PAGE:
My hon. Friend the Minister is well aware of the concern about the use of foetal tissue. Currently, it is only the tissue that is used, and presumably my hon. Friend believes that that does not have to be dealt with at quite the speed that he has had to deal with the sale of organs. However, as there are not even regulations for the definite separation of procurement and use of foetal tissue, what is to prevent the sudden discovery that such tissue is being sold? A year ago we would have said that we could not even contemplate the sale of organs, certainly not in this country, but we have since learnt to the contrary. If we also learn to the contrary that tissue, foetal parts or organs are being sold, will that be covered by the Bill, or will the authority have to discuss at great length whether it is within its remit to act under the Bill? What exactly does the Bill cover?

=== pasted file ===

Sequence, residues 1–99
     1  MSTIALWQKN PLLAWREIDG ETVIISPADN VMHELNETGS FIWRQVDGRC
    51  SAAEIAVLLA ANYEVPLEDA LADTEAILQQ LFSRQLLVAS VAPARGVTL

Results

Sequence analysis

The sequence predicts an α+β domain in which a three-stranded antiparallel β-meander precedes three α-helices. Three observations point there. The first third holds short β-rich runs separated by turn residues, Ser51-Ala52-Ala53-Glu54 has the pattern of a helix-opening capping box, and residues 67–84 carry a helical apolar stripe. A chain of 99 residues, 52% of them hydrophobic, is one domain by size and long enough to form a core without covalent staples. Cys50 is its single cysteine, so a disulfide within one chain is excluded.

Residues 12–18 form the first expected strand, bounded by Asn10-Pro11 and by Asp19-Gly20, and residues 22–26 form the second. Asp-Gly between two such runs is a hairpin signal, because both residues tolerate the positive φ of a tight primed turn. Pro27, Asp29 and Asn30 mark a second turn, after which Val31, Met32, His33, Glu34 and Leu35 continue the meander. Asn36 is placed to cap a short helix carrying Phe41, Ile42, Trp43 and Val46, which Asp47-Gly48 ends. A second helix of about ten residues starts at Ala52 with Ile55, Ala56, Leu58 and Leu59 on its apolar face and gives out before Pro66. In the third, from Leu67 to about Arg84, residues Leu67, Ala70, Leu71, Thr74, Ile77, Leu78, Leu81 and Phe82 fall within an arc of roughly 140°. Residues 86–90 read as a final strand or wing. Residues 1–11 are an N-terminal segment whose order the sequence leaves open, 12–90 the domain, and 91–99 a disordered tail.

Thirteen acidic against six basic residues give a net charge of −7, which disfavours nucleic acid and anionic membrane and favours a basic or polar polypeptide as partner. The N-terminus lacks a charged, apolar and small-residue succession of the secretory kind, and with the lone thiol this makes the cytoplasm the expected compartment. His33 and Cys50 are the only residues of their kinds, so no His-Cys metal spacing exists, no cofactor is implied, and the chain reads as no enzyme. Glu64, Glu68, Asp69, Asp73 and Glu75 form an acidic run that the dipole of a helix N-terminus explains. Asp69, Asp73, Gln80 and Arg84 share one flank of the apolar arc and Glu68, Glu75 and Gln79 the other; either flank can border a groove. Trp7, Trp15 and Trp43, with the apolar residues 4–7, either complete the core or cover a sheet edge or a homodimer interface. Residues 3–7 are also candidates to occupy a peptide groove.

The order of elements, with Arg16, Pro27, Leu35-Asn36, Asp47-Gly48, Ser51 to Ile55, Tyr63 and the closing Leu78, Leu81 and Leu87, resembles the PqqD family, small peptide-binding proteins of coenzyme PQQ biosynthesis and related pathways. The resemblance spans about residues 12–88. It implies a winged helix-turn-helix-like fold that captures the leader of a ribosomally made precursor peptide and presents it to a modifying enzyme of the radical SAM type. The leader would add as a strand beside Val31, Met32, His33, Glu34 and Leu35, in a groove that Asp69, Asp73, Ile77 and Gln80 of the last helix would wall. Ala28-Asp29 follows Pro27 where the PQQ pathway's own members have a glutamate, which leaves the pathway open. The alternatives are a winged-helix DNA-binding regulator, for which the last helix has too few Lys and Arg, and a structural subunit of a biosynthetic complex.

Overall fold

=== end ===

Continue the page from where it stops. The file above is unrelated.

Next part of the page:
Mr. Speaker : Order. I hope that the hon. Lady will not delve too deeply into the merits of the Bill, important though it is, because the Bill has had a Second Reading. There will be opportunities on Report to deal with the matters that she is now raising. The money resolution is narrow.